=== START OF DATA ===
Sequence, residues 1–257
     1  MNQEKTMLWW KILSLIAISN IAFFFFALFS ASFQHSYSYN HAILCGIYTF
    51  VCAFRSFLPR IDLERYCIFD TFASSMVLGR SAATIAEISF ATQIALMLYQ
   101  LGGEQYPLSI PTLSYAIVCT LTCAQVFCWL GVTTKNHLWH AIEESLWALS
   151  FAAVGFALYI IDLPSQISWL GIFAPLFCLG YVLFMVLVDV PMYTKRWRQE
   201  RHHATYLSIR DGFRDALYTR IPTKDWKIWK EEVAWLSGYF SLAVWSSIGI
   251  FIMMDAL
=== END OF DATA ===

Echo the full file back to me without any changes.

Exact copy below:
Sequence, residues 1–257
     1  MNQEKTMLWW KILSLIAISN IAFFFFALFS ASFQHSYSYN HAILCGIYTF
    51  VCAFRSFLPR IDLERYCIFD TFASSMVLGR SAATIAEISF ATQIALMLYQ
   101  LGGEQYPLSI PTLSYAIVCT LTCAQVFCWL GVTTKNHLWH AIEESLWALS
   151  FAAVGFALYI IDLPSQISWL GIFAPLFCLG YVLFMVLVDV PMYTKRWRQE
   201  RHHATYLSIR DGFRDALYTR IPTKDWKIWK EEVAWLSGYF SLAVWSSIGI
   251  FIMMDAL